Eight years ago I weighed 245, wore a size 24 tent, er, dress, had 52.5% body fat, fasting insulin 15, leptin 60. My blood pressure was 195/110 when diagnosed; I was put on three medications. Everything else measurable was horrible (I was so hypothyroid it's surprising I could get out of bed in the morning), and I ate a 'healthy' diet of only 10% fat, 15% protein and the rest carbs, all the way up to the 1100 calories a day I ate back then. I have now lost an entire whole person – and have not gained back an ounce or an inch for the last six years.

    In fact, not only was I severely insulin and thyroid hormone resistant – I had what I now call Metabolic Syndrome XX, a term I coined. Read about it at:
    http://sugarfreegoodies.info/blog/metabolic-syndrome-xx

    That's my blog and Doc – you and "The Great Cholesterol Con" are featured on the home page. 🙂

    Gary Taubes saved my life. Reading his piece in the NY Times Sunday Magazine ("What If It's All Been A Big, Fat, Lie"), which predated GCBC by a few years, opened my eyes to the science of nutrition. It took me years of medical and science research to fix myself – first the insulin resistance, then the leptin, then the hypothyroidism. It took me two years to lose the bulk of the weight (down to 163), but another two years to get truly slim and genuinely insulin sensitive again. Aside from not eating added sugars (no part of any food group) except for a bit of maple syrup now and then — I eat anything that doesn't eat me first. Because just as a calorie is NOT a calorie, a carb is NOT a carb. Not created equal at all.

    Lots and lots of fat of course, modest protein, and all complex carbs out there. If I want bagels, I make them myself ( 80 g rye sourdough each – all my breads are sourdough, even my brioche), pizza, same thing. I eat all fruit in season, one or two a day, with lots of fat. Dark chocolate, no problem. I do Body By Science workouts, which is roughly 15 minutes twice a week.

    But – and it is a big one – intermittent fasting is definitely part of my Protocol. Everyone on Protocol starts with Metabolic Blood tests (also listed on the blog) that doctors almost never do, and should always do. Everybody's metabolism is broken in a unique way and at different levels. Telling everyone to eat same (or not eat the same foods) to fix it makes no sense, so everyone's Protocol is individually designed for them based on their results. It's why Atkins, Paleo, Primal all work if you are already metabolically healthy — but why none of them will fix you if you're broken. Not for the long term, which in my mind is forever.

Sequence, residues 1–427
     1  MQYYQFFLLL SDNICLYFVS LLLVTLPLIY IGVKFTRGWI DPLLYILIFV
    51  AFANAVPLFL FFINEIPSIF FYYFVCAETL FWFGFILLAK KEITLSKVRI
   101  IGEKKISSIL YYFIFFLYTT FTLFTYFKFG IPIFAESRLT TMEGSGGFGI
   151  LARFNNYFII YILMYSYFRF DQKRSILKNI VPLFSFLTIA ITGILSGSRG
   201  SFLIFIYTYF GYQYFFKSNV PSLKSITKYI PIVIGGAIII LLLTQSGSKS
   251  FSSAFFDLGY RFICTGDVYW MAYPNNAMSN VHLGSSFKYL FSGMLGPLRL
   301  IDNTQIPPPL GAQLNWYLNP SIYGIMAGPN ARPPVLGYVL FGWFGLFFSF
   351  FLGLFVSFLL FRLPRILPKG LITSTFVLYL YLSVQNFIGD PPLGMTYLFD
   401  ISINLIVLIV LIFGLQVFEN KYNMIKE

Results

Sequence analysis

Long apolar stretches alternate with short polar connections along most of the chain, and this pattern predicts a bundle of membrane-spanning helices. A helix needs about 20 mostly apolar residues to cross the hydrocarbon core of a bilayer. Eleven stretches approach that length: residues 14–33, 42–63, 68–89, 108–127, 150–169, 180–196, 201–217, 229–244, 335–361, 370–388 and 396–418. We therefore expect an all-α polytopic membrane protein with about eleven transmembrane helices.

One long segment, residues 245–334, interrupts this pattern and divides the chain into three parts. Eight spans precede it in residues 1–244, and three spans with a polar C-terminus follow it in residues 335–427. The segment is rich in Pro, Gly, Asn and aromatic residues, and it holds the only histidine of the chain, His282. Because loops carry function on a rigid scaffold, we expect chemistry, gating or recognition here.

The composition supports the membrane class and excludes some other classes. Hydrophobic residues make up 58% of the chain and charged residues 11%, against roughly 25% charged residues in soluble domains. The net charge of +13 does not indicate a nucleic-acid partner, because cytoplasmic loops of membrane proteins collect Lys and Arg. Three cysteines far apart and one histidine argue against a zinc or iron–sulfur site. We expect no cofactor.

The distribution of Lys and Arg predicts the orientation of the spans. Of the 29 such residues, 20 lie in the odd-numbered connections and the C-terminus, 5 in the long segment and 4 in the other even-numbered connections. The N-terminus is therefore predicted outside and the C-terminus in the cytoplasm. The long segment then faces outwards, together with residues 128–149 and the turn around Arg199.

And for the woman from the UK that said her doctor said she was 'fine' from doing a simple fasting blood sugar – you're not fine. Not if you have excess adipose fat, either externally (obesity) or internally (TOFI – thin outside, fat inside), which is even more dangerous than obesity. And the only way to get diagnosed is by taking all the 'sister' tests together: fasting glucose, fasting insulin, leptin and thyroid hormones. And by paying no attention whatsoever to 'ranges' but instead learn what true normal is from sites like BloodSugar101.

    Everyone starts out eating one meal per day, between 11 and 1. Everyone takes their fasting and Postprandial blood sugars (one and two-hour) so they can actually see how the food they're eating affects their bodies. Intake mimics the 'lean times, good times' cycle of hunter gathering. Two weeks of lean, to get into lipolysis and finally open up the locked adipose fat cells. Four weeks of good to get the brain to accept the new lower fat and weight set points, then back to lean again and so forth. This works like a charm, every time, every person. During the good times, new foods that previously caused spikes are slowly added back, until by the time Lifetime Maintenance is ready to start, Participants are eating everything, and I do mean everything – and a lot of it. Except added sugars and processed food, of course.

    The goal is true normal fasting, and especially true normal PP's. All fat and weight loss (and 'goals' are measured with a tape measure, not a scale!) is a by-product of getting healthy again, and usually DT2 is gone within six months. True insulin sensitivity takes a year or two more. A year or so after that, hypothyroidism is gone as well. By this time, everyone is doing Body By Science HIT training and eating twice a day. A small breakfast, and a BIG meal no later than 3 p.m. No one regains anything. It's a one way ticket to Slim-ville. 🙂 Proof? Data (and not someone's word for it) is critical in Science. So I only agree to take someone on if they agree to post a journal on the blog daily. Weight, food, blood sugars, comments – and measurements every Monday. I now have four years of accumulated data on the blog, and it's free and accessible to anyone who wants to read it.

    Long post, I know. Hope I haven't bored anyone. 🙂

    SugarFree

    Reply